IN the Lake District, David Robinson discovers St Bega and understands the magic that so inspired Tennyson
Unlike a load of places I could mention in Scotland, the Lake District has always been good at niche marketing. Go to a sweetshop in Keswick and they won’t just sell you Belgian chocolates, but bars with a wrapping based on the local Ordnance Survey map. Go to the tourist information office and they won’t just sell you the OS map, but laminated cards with about 20 different local walks on them. And whether you want a guide for the best places for disabled people to stay or which inns allow you to bring your dog, it’s all there too.
Not that marketing always tells the whole story. At the Sun Inn in Bassenthwaite the other day, I ordered a pint of Bassenthwaite Beauty. It seemed the right thing to do: supporting the local brewery and all that. “Where’s it made?” I asked. “That?” said the barmaid. “That’s from Wolverhampton.”
In Bassenthwaite, the local saint is Bega. There are all kinds of legends about her, some of which may be down to medieval marketing. Apparently, she fled from Northern Ireland because her father wanted to marry her off to a Viking warlord. She landed on the Cumbrian coast, and made her way inland, wanting to found a convent. It was winter, and God told her to build on the only place that didn’t have any snow. Some say this was in the 7th century, others the end of the 9th, and today’s medievalists reckon that there might not have been an actual St Bega at all, but some kind of local cult based on a bracelet (“beag” in Old English) instead.
Why am I telling you all this? Because there is a small church named after St Bega by Bassenthwaite Lake, and its setting is so magical that you’d almost believe anything about it. Was it the only place with no snow when an Irish nun walked over the Honister Pass around 890AD? I don’t know, but I do know that the young Melvyn Bragg would row across the lake to it because this small 10th century lakeside church surrounded by nothing but fields seemed at once holy and mysterious: indeed, he wrote about it in his novel Credo.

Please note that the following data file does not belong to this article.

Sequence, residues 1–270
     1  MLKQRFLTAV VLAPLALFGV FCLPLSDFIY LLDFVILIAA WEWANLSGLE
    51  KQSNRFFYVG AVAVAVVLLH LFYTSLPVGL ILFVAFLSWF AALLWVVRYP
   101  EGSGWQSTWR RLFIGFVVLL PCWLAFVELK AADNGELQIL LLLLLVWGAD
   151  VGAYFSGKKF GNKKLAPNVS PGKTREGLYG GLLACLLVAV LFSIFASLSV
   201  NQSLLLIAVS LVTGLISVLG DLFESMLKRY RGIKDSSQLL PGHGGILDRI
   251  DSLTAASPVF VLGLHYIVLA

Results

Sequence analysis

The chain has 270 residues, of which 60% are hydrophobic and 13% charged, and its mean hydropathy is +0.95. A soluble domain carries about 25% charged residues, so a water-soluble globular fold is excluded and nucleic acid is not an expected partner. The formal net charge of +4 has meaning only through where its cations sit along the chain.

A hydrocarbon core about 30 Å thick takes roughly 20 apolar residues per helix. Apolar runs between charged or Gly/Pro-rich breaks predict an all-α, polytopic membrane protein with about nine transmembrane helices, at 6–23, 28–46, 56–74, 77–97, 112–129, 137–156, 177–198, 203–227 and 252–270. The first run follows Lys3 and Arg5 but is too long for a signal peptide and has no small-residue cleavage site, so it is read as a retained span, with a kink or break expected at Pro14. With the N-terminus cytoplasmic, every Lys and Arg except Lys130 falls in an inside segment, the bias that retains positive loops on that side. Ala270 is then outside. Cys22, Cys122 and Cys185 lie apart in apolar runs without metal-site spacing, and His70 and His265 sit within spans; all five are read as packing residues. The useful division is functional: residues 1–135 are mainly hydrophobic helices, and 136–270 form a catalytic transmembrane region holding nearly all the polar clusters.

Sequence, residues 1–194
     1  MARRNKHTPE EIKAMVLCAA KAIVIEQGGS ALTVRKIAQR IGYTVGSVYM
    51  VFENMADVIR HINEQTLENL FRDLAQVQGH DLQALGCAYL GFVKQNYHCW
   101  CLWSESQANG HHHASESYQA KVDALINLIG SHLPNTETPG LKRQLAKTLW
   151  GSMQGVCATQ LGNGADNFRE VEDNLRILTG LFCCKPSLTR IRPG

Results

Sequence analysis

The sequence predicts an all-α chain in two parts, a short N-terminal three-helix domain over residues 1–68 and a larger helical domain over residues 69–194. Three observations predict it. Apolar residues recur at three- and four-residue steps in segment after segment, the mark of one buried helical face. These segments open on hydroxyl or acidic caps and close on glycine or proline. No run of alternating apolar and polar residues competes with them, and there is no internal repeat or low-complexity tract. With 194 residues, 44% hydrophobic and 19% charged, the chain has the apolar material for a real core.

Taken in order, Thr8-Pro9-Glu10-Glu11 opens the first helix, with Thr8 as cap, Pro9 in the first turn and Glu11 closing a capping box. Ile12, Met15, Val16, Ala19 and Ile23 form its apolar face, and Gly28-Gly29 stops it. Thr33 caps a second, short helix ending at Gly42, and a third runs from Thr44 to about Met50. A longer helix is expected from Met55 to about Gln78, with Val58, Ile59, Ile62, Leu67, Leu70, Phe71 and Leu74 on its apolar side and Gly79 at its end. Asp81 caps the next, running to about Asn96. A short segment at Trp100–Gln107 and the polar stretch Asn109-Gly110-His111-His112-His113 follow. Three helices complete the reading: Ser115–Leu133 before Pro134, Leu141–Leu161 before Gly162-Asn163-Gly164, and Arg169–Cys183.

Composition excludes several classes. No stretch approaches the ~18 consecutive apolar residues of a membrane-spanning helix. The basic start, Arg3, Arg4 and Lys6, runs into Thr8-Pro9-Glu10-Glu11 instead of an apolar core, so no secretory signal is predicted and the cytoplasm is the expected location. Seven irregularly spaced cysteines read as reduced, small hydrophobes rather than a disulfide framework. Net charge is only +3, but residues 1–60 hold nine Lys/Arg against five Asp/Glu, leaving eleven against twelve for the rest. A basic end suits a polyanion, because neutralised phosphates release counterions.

Over a century earlier, it had cast a similar spell over the young Alfred Tennyson. In 1835, a few years after finishing Cambridge, he visited a fellow student who lived at Mireside, a country house overlooking St Bega’s church and Bassenthwaite Lake. While he was there, he wrote a few poems.
The following week, he was out rowing on Lake Windermere when he told another friend about the poems he’d written. “Resting on our oars and looking on the lake unruffled and clear, he quoted from the lines he had lately read to us from the Morte d’Arthur and of the lonely Lady of the Lake and Excalibur.” When he’d finished, he turned to his friend, Edward FitzGerald (Read The Rubaiyat of Omar Khayyam? That was him). “Not bad, that, Fitz, is it?” he said.
They all visited Mirehouse, all these eminent Victorians: Tennyson of course (he came back on honeymoon in 1850), Coleridge, Wordsworth, Carlyle, Froude, Southey.
There was something about the place – “manor from heaven” Bragg calls it – that drew them there, and indeed it has only been sold once since it was built in 1666. And there’s something about St Bega’s church in the fields too: whatever about the person who founded it, whether she was a saint or not, the building itself has an aura of calmness and peace about it that register even on agnostic antennae.
So no, I don’t find it remotely implausible that it was here that Tennyson imagined Mallory’s wounded king dying under a winter moon and tingling stars as Sir Belvedere finally, at the third attempt, threw the most beautiful sword in the world into a lake (this lake?) before sending Guinevere off to live in a convent (this church?).
All of this is just over a couple of meadows from the excellent Ravenstone Lodge, on the lower slopes of “one of the finest mountains of the earth” as Carlyle called Skiddaw.
A privately owned nine-roomed hotel, it has fantastic views, excellent food in both restaurant and coach house bistro, and is way better value than I’ve ever come across in the more crowded central Lakes and it’s less than three hours from Edinburgh.
And if you think all of this is too English, then let me remind you of one important detail. In Mallory’s Arthurian tales – published by Caxton back in 1485 – who was appointed king after King Arthur’s death? Constantine, son of King Carados of Scotland. So get down the M6, turn right at Carlisle, head down the A591 and make the most of it. This land is our land too.
• Rooms at Ravenstone Lodge range from £65 per night for a standard double (based on two people sharing) midweek in November and December to a rack rate of £100 and from £100-£140 for a luxury double. Further information on 017687 76629, firstname.lastname@example.org and www.ravenstonelodge.co.uk